Cherokee Purple (tomato)

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Cherokee Purple
Cherokee purple is a dusky red with green shoulders when ripe
Cherokee purple is a dusky red with green shoulders when ripe
Tomato (Solanum lycopersicum)
Maturity80 days
TypeHeirloom
VineIndeterminate
Plant height9 feet
Fruit weight16 oz
LeafRegular leaf
ColorDusky red, green shoulders
ShapeBeefsteak
Home-grown Cherokee purple tomatoes
A Cherokee Purple tomato in the first stages of development.

Cherokee Purple is the name of a old variety of tomato that develops a fruit with a deep, dusky-rose color while maintaining a somewhat greenish hue near the stem when mature for eating. The deep crimson interior and clear skin combination give it its distinctive color. It was one of the first of the darker color group of tomatoes sometimes described as "blacks." Southern Exposure Seed Exchange was the first seed company to offer Cherokee Purple, released in limited quantity in 1993. The Cherokee Purple has become a popular heirloom variety.

History[edit]

In 1990 John Green of Sevierville, Tennessee mailed heirloom tomato expert Craig LeHoullier seeds of an unnamed purple tomato. Green said that the tomato had originated with the Cherokees more than 100 years previously. LeHoullier named the tomato "Cherokee Purple" and sent seeds to the Southern Exposure Seed Exchange (SESE). Jeff McCormack, the owner of SESE, said that the tomato "tasted fine, but was kind of ugly -- people may not like it." SESE featured the Cherokee Purple in the 1993 seed catalog.[1][2][3] LeHoullier distributed Cherokee Purple seeds to several market growers and one of them, Alex Hitt, who lived in North Carolina, had an immediate success growing and selling the tomato despite its ugly appearance. The tomato was described "as looking like a leg bruise."[4]

In 2014, Cherokee Purple was named one of the top ten tomato heirloom varieties by the Seed Savers Exchange.[5]

Characteristics[edit]

Cherokee Purple tomatoes are beefsteak in style. They are also notable for having a dense, juicy texture, with small seed locules irregularly scattered throughout the flesh. The comparatively dark interior color is enhanced by the tendency of the seeds to be surrounded by green gel. In 1995, a skin color mutation of Cherokee Purple arose in Craig LeHoullier's North Carolina garden. It was named Cherokee Chocolate, and the yellow skin gives the variety a brownish mahogany hue. Cherokee Green arose in Craig's garden in 1997 from a planting of Cherokee Chocolate. It is one of several tomatoes whose flesh stays green when it ripens; the skin color is yellow, which provides a guide to indicate when the tomato is ripe and ready for harvest.[6]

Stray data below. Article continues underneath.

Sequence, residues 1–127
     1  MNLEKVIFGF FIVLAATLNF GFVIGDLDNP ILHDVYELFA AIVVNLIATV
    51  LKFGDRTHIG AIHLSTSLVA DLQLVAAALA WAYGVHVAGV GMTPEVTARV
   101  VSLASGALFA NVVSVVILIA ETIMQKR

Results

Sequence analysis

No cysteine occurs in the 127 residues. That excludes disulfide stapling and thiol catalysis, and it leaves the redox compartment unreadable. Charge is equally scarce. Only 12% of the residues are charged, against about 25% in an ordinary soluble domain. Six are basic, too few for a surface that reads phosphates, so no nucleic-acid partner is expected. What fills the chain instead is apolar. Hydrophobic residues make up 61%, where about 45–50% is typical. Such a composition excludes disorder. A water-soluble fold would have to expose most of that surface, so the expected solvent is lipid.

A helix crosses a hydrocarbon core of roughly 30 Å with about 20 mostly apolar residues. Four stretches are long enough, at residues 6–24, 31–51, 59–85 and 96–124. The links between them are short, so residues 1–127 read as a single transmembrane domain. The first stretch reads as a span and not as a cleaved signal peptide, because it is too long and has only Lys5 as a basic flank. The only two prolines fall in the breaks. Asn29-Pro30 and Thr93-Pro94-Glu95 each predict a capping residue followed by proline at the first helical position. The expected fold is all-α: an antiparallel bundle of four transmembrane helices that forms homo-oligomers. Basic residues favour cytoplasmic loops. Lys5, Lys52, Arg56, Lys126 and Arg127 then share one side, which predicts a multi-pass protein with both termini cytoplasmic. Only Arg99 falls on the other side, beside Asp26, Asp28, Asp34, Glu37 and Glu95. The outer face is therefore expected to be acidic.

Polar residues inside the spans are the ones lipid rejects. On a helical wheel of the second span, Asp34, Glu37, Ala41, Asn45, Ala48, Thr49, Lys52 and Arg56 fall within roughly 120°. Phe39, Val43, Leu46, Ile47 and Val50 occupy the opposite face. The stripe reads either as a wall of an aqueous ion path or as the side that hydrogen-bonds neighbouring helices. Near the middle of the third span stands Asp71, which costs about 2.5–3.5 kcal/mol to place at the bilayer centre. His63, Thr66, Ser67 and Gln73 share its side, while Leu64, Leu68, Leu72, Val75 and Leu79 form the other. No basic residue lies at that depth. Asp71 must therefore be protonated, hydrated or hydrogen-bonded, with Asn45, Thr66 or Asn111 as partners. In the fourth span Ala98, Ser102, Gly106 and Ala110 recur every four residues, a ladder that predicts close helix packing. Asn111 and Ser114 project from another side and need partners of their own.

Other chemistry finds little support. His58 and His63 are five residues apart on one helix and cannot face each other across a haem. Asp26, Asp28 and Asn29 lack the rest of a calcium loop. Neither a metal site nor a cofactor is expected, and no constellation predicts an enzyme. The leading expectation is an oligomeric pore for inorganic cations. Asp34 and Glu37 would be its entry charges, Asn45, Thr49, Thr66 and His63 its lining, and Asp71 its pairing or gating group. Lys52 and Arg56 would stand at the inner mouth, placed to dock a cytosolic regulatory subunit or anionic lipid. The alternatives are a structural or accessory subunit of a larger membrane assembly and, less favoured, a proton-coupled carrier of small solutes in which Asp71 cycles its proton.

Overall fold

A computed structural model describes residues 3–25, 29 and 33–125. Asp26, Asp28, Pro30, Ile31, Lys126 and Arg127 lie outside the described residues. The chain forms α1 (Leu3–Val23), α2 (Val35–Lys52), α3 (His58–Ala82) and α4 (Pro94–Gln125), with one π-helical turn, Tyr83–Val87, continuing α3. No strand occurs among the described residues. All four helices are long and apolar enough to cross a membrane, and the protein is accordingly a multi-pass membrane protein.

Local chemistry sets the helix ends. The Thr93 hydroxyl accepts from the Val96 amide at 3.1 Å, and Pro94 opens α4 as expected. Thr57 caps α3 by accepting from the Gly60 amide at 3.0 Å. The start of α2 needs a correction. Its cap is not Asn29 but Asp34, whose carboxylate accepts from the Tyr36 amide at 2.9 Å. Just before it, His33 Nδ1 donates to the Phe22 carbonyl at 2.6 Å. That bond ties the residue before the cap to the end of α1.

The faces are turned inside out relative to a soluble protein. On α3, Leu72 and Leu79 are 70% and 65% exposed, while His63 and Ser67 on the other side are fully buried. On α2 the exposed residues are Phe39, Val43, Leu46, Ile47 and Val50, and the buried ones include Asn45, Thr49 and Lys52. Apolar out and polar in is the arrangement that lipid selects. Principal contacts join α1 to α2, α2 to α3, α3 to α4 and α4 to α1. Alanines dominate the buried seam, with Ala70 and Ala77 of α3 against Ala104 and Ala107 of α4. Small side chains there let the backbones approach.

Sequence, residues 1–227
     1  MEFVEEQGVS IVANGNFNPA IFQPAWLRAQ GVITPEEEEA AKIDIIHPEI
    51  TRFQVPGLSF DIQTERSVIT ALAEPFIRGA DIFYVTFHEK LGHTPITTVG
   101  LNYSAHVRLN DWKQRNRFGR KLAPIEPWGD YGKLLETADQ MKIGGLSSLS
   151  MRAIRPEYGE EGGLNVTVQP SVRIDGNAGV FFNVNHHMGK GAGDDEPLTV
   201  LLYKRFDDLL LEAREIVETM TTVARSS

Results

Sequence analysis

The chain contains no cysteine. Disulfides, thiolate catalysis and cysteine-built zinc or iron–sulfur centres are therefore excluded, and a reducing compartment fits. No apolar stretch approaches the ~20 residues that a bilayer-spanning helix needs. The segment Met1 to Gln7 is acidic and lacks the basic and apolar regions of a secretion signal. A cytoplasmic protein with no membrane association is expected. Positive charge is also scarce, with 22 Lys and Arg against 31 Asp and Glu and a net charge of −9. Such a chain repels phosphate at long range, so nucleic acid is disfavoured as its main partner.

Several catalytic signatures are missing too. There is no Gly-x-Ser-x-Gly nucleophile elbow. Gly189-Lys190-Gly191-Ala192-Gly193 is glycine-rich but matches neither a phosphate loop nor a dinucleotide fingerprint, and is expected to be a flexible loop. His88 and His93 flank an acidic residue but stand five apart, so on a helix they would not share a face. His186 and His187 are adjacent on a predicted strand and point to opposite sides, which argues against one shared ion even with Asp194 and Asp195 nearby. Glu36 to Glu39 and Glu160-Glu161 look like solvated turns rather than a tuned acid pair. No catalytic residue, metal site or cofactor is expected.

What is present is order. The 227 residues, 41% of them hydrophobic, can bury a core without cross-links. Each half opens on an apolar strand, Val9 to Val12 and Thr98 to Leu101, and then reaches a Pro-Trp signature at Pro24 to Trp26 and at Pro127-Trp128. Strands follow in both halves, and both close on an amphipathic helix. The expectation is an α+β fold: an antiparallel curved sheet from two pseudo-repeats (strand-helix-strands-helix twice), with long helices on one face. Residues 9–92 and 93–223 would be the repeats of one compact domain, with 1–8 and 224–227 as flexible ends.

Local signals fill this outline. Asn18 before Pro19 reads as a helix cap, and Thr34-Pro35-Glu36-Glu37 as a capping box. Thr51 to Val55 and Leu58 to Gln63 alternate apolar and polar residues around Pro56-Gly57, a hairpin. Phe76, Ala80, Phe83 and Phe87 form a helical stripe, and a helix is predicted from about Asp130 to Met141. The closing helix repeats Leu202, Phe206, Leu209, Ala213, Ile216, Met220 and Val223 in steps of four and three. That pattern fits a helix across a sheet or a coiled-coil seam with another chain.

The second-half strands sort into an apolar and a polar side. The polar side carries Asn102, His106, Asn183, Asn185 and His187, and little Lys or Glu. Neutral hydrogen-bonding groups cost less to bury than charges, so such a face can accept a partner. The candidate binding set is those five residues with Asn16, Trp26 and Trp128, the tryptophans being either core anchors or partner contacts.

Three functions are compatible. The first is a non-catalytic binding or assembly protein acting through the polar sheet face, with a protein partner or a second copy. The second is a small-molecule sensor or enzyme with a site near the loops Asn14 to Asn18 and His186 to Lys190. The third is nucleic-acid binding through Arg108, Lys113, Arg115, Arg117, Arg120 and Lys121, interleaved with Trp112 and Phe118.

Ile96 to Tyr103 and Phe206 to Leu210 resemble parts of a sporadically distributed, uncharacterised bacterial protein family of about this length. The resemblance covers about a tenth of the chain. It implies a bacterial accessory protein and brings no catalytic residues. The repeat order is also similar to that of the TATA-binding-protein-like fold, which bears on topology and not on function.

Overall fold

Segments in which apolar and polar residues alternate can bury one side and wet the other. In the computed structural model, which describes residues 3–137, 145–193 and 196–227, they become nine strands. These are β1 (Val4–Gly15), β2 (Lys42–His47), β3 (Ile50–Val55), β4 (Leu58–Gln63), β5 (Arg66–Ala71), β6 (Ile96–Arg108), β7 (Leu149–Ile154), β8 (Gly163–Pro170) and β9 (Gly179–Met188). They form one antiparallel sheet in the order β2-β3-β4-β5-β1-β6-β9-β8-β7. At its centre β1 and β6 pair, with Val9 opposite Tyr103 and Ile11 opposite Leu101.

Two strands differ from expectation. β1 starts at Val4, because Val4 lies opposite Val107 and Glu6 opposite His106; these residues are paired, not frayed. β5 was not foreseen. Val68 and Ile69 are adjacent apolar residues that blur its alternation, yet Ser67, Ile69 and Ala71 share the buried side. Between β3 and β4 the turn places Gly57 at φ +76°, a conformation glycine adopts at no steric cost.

The Cherokee Purple tomato is most commonly available in the summer and fall. This tomato is best enjoyed fresh and is often used in BLT sandwiches and salads. It can also be used when making pizza and pasta sauces.[7]

See also[edit]

NPR story on the origins of the Cherokee Purple [1]

References[edit]

  1. ^ Barclay, Eliza (14 August 2013). "How a Seed Saver Discovered One of Our Favorite Tomatoes". NPR. Retrieved 24 September 2021.
  2. ^ "Cherokee Purple Tomato". Southern Exposure Seed Exchange. Retrieved 24 September 2021.
  3. ^ LeHoullier, Craig. "A Spectrum of Heirloom Tomatoes". American Horticultural Society.
  4. ^ LeHoullier, Craig (14 April 2017). "How the Cherokee Purple Tomato got its Name". Slow Food Asheville. Retrieved 24 September 2021.
  5. ^ Hartwell, Roger. "Top Ten Heirloom Tomatoes". Seed Savers Exchange.
  6. ^ "Cherokee Purple Heirloom Tomatoes". Specialty Produce. Retrieved 24 September 2021.
  7. ^ Specialty Produce.